Evolution and population structure of Salmonella enterica serovar Newport

Vartul Sangal, Heather Harbottle, Camila Mazzoni, Reiner Helmuth, Beatriz Guerra, Xavier Didelot, Bianca Paglietti, Wolfgang Rabsch, Sylvain Brisse, François-Xavier Weill, Philippe Roumagnac, Mark Achtman

Research output: Contribution to journalArticle

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Abstract

Salmonellosis caused by Salmonella enterica serovar Newport is a major global public health concern, particularly because S. Newport isolates that are resistant to multiple drugs (MDR), including third-generation cephalosporins (MDR-AmpC phenotype), have been commonly isolated from food animals. We analyzed 384 S. Newport isolates from various sources by a multilocus sequence typing (MLST) scheme to study the evolution and population structure of the serovar. These were compared to the population structure of S. enterica serovars Enteritidis, Kentucky, Paratyphi B, and Typhimurium. Our S. Newport collection fell into three lineages, Newport-I, Newport-II, and Newport-III, each of which contained multiple sequence types (STs). Newport-I has only a few STs, unlike Newport-II or Newport-III, and has possibly emerged recently. Newport-I is more prevalent among humans in Europe than in North America, whereas Newport-II is preferentially associated with animals. Two STs of Newport-II encompassed all MDR-AmpC isolates, suggesting recent global spread after the acquisition of the blaCMY-2 gene. In contrast, most Newport-III isolates were from humans in North America and were pansusceptible to antibiotics. Newport was intermediate in population structure to the other serovars, which varied from a single monophyletic lineage in S. Enteritidis or S. Typhimurium to four discrete lineages within S. Paratyphi B. Both mutation and homologous recombination are responsible for diversification within each of these lineages, but the relative frequencies differed with the lineage. We conclude that serovars of S. enterica provide a variety of different population structures.
LanguageEnglish
Pages6465-6476
Number of pages12
JournalJournal of Bacteriology
Volume192
Issue number24
DOIs
Publication statusPublished - 2010

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Salmonella enterica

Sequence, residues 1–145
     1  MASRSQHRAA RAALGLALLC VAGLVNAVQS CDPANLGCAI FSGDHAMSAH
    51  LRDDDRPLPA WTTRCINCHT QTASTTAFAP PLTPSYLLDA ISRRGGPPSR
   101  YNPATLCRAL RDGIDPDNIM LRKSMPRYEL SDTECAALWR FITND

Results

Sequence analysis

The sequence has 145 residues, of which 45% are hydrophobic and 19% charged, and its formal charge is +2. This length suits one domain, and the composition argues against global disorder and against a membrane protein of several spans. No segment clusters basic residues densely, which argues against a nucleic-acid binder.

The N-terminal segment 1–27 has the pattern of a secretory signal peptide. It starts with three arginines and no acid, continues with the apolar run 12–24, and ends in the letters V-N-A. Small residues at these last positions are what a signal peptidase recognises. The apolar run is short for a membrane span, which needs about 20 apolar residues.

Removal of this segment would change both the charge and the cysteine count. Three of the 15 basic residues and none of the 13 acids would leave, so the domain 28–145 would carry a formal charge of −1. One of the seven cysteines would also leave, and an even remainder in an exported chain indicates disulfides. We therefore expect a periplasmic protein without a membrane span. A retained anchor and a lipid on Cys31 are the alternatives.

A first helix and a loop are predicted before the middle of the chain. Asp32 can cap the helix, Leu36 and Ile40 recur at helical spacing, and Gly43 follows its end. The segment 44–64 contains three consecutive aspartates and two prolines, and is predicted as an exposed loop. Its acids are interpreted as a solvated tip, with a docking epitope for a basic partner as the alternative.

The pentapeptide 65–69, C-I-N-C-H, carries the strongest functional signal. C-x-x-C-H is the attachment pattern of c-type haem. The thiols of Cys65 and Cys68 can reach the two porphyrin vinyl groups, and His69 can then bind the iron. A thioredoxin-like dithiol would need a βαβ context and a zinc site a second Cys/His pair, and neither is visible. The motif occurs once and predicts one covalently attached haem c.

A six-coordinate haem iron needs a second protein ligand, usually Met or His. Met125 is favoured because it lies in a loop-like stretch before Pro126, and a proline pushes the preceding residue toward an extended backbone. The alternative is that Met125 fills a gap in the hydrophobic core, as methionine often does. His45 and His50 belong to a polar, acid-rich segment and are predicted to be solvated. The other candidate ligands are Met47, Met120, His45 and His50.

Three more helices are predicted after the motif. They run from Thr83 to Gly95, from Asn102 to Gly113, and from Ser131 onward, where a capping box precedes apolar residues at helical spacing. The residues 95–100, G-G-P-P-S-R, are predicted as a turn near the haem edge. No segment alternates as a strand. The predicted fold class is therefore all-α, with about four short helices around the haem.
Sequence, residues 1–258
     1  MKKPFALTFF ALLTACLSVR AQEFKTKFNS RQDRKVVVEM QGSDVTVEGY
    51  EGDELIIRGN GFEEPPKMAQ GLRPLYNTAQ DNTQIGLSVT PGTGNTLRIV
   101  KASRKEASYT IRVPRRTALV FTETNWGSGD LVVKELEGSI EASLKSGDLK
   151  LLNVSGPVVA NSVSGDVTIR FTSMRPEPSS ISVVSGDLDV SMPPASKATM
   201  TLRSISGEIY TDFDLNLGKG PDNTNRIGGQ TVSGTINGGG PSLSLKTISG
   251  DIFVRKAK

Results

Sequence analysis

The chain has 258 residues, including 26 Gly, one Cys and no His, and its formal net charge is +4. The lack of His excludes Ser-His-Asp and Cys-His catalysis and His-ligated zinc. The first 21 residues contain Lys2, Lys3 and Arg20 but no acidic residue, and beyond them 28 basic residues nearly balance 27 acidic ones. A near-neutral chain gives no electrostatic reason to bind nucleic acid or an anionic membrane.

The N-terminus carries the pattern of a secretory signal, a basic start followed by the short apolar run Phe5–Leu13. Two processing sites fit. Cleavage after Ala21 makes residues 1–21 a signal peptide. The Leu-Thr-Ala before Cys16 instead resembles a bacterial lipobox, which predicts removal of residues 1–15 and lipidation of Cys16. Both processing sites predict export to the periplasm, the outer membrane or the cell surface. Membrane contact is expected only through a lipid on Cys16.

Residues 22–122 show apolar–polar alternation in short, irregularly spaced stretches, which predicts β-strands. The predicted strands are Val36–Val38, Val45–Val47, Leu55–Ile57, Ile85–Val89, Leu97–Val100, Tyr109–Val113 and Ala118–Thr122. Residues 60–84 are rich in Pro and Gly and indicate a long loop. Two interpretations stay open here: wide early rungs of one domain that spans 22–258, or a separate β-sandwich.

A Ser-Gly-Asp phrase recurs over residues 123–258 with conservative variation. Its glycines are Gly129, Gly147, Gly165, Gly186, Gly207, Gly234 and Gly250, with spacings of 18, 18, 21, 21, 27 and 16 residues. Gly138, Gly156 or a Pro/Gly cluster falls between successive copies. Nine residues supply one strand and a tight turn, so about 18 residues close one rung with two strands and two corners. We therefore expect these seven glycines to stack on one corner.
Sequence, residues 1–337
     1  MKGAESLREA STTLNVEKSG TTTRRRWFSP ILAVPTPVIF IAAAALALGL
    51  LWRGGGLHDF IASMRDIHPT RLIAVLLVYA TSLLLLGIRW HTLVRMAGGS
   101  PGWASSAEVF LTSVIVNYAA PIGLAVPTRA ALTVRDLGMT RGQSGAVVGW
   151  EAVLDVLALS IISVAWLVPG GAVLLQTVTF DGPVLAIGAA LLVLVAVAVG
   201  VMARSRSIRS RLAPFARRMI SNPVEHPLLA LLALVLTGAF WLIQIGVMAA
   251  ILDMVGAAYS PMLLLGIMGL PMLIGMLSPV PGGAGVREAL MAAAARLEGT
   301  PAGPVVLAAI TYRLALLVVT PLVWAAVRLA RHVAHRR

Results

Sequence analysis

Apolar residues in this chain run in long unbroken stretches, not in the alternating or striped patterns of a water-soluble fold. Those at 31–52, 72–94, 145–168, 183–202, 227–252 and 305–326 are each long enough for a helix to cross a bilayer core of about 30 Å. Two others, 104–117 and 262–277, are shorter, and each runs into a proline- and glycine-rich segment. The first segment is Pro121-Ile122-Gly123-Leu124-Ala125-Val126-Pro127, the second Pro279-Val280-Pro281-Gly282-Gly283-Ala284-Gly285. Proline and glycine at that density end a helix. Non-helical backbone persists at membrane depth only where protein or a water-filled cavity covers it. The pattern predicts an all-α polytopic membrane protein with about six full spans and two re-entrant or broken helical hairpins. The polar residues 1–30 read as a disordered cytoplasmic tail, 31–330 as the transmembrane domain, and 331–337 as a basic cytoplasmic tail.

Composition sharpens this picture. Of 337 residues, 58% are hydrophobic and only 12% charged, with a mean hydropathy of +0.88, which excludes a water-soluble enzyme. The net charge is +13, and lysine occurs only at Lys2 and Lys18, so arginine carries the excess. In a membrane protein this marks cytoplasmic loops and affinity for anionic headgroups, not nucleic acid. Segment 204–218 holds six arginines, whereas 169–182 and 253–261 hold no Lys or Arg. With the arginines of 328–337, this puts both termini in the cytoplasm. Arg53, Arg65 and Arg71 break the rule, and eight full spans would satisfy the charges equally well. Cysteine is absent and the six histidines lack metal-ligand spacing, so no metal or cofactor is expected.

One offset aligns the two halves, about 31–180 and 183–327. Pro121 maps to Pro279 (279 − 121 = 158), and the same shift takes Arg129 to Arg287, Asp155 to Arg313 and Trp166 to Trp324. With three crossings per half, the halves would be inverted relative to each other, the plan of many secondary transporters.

North America
Population
Pharmaceutical Preparations
Multilocus Sequence Typing
Salmonella enteritidis
Salmonella Infections
Homologous Recombination
Cephalosporins
Public Health
Anti-Bacterial Agents
Phenotype
Food
Mutation
Serogroup
Genes

Keywords

  • population structure
  • salmonella enterica

Cite this

Sangal, V., Harbottle, H., Mazzoni, C., Helmuth, R., Guerra, B., Didelot, X., ... Achtman, M. (2010). Evolution and population structure of Salmonella enterica serovar Newport. Journal of Bacteriology, 192(24), 6465-6476. https://doi.org/10.1128/​JB.00969-10
Sangal, Vartul ; Harbottle, Heather ; Mazzoni, Camila ; Helmuth, Reiner ; Guerra, Beatriz ; Didelot, Xavier ; Paglietti, Bianca ; Rabsch, Wolfgang ; Brisse, Sylvain ; Weill, François-Xavier ; Roumagnac, Philippe ; Achtman, Mark. / Evolution and population structure of Salmonella enterica serovar Newport. In: Journal of Bacteriology. 2010 ; Vol. 192, No. 24. pp. 6465-6476.
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abstract = "Salmonellosis caused by Salmonella enterica serovar Newport is a major global public health concern, particularly because S. Newport isolates that are resistant to multiple drugs (MDR), including third-generation cephalosporins (MDR-AmpC phenotype), have been commonly isolated from food animals. We analyzed 384 S. Newport isolates from various sources by a multilocus sequence typing (MLST) scheme to study the evolution and population structure of the serovar. These were compared to the population structure of S. enterica serovars Enteritidis, Kentucky, Paratyphi B, and Typhimurium. Our S. Newport collection fell into three lineages, Newport-I, Newport-II, and Newport-III, each of which contained multiple sequence types (STs). Newport-I has only a few STs, unlike Newport-II or Newport-III, and has possibly emerged recently. Newport-I is more prevalent among humans in Europe than in North America, whereas Newport-II is preferentially associated with animals. Two STs of Newport-II encompassed all MDR-AmpC isolates, suggesting recent global spread after the acquisition of the blaCMY-2 gene. In contrast, most Newport-III isolates were from humans in North America and were pansusceptible to antibiotics. Newport was intermediate in population structure to the other serovars, which varied from a single monophyletic lineage in S. Enteritidis or S. Typhimurium to four discrete lineages within S. Paratyphi B. Both mutation and homologous recombination are responsible for diversification within each of these lineages, but the relative frequencies differed with the lineage. We conclude that serovars of S. enterica provide a variety of different population structures.",